Fourth: The eff-ing check bounced! We found out late Saturday afternoon and had to wait all weekend to go to his shop. I worried all day Sunday that his doors would be locked on Monday morning. I even wondered if I’d really want a bankrupt coin shop if I won a lawsuit against him. Part of me felt absolutely sick.

He was totally apologetic and did not defend himself in any way. We followed him straight to his bank where he first did some transferring, then had a cashier’s check issued. I am convinced it really was a simple error on his part. Fortunately, we had an account at that same bank so they honored the check instantly and credited our account. Whew! That was too close for comfort.

Even though the dealer had problems paying us, I still trust him… but not with a big sale again. In fact, I have no plans to ever make a big sale again. I prefer the 00-ish sales where a buyer hands you cash over the counter, or title to property, or a car title, or a truckload of firewood.

In the aftermath, I feared that I’d have “Stack-Seller’s remorse” in a bad way. But it never hit me. My world did not end. It helped that metals prices continued to fall the following two weeks. I reviewed the risk/reward factors of our real estate purchase, versus the risk/ reward factors of holding the metal—or even getting caught without it when our dream day finally arrives. I felt good about the deal overall—especially since it gave us a property free & clear with no obligations to any banks. And I think I proved to myself that I am not motivated by mammon—that I really only serve one master.

We began planning how to budget and rebuild the stack, deciding I’d be a different kind of stacker in the future: smarter, shrewder, patient.

For starters, no more big bars. They are easy to count but, adding & subtracting the premium both ways puts them in the ballpark with Eagles or Maples, which do get spot price from the dealers. And as AGXIIK pointed out, when/if the AG price ever hits 0 per ounce, each big bar’s sale must be reported to the IRS. I don’t plan to have to sell the stack again, so when I do sell, it will be in smaller amounts, with smaller units of silver. The gold was so much easier to count, move, and brought a better price. Smaller denominations of gold will gain the same advantage—perhaps ½ ounce coins rather than a full ounce. And when we all may be forced to sell to survive, the economy around us will not be what it is today. Finding a dealer who can buy a large quantity may not be easy, or safe, nor would we want to sell it all at once then.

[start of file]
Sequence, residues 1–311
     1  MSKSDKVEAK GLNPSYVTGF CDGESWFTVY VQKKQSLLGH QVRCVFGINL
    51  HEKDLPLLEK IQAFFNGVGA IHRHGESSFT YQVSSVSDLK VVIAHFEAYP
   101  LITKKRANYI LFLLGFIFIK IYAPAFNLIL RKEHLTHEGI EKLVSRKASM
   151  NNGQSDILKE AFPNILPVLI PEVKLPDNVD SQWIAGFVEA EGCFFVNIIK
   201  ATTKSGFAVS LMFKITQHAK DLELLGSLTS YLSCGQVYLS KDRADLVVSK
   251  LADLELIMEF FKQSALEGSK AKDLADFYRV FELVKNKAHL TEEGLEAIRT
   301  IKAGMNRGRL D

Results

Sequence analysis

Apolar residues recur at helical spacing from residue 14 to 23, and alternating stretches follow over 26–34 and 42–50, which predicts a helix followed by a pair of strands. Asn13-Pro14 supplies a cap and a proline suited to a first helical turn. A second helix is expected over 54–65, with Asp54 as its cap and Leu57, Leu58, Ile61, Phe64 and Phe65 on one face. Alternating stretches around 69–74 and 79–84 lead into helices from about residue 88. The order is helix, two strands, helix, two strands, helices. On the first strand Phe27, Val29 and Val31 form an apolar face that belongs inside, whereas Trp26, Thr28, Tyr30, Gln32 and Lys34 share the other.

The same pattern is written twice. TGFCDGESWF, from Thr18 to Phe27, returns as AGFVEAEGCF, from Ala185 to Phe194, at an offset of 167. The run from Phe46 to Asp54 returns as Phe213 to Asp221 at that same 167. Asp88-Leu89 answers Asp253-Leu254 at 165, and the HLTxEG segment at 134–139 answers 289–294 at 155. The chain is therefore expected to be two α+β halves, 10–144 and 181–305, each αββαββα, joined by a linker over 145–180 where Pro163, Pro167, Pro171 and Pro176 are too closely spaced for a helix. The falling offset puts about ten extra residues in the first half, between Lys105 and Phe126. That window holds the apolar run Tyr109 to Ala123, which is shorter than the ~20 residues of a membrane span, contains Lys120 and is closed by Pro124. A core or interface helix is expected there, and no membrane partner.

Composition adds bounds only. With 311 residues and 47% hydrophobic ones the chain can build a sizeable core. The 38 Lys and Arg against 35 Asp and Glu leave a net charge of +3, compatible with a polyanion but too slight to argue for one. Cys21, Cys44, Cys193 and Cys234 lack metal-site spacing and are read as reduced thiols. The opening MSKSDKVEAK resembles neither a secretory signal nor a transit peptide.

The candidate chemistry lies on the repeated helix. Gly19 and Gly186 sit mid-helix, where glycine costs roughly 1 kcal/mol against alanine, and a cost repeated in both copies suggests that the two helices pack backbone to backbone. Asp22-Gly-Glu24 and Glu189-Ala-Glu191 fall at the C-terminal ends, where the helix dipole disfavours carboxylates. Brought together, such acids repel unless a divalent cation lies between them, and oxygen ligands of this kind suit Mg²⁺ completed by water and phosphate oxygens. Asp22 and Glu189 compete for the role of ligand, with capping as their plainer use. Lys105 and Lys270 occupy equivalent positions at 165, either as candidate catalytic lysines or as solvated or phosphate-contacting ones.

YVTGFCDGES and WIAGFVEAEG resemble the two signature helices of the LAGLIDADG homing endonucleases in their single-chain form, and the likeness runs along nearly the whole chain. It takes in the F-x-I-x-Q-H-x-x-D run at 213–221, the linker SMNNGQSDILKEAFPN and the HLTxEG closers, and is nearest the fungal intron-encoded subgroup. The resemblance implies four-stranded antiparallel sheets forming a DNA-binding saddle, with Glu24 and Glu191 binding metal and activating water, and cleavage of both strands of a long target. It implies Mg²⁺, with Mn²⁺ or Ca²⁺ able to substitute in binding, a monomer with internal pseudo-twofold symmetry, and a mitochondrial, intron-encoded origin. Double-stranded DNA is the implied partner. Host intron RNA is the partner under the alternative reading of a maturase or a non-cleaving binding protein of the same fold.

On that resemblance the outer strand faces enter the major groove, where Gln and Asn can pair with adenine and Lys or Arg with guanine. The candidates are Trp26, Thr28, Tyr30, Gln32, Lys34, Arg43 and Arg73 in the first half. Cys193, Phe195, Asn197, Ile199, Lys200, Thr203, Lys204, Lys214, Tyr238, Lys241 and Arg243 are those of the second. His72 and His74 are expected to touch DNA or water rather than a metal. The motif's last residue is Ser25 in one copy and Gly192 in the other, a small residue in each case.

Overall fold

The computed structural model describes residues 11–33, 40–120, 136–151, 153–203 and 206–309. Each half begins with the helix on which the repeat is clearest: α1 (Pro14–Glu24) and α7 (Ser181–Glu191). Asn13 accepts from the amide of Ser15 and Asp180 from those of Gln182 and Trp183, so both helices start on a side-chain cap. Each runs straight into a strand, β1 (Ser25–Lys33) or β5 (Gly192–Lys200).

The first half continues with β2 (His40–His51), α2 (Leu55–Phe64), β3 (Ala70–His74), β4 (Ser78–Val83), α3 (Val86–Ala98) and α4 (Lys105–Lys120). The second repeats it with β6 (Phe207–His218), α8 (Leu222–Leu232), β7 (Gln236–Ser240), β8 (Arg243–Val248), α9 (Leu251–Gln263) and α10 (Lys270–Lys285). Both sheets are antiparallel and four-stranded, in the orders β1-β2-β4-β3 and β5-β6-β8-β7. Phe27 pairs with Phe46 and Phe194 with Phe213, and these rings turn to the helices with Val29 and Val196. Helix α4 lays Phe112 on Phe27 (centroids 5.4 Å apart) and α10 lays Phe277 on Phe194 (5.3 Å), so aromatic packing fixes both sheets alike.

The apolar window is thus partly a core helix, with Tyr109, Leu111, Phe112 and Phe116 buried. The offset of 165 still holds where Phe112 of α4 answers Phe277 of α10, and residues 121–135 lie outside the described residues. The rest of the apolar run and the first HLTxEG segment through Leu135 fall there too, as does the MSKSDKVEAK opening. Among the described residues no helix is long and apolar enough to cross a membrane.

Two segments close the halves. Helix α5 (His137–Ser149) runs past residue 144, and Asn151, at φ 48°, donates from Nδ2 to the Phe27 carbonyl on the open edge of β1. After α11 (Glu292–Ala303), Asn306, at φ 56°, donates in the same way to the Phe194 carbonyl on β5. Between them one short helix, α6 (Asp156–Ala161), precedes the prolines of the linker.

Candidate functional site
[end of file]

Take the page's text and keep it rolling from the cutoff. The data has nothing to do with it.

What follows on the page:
Next, we want to do a better job of stacking at the lows, instead of chasing price up and stacking at the highs. So I am sitting on my dry powder until the annual Christmas sale. Even though yesterday’s action was encouraging, we have still not broken free of a down-trending channel that started Sept 8, and I suspect the banksters will continue pressuring price until the year’s end. (Of course, WW3 could change things). But as long as we seem to have some stability, I am in no hurry to re-stack until December.

Finally, I am leaning toward stacking only Eagles or Maples (either metal) or purchasing lower quality graded & slabbed US collectable coins that are selling near spot. I suspect that counterfeiting will be a serious problem when metals finally return to the world stage as money. My LCS man told me that he prefers a sealed monster box to five 100 oz bars. It might be wise to purchase one of those assay machines like Charlie has. I have seen stories about fake Morgans, coined in China, that are have been floating around for several years now.

I have grappled with the best form of metal to buy over the years and welcome all advice. The recent experience convinced me that such decisions can be critical and expensive.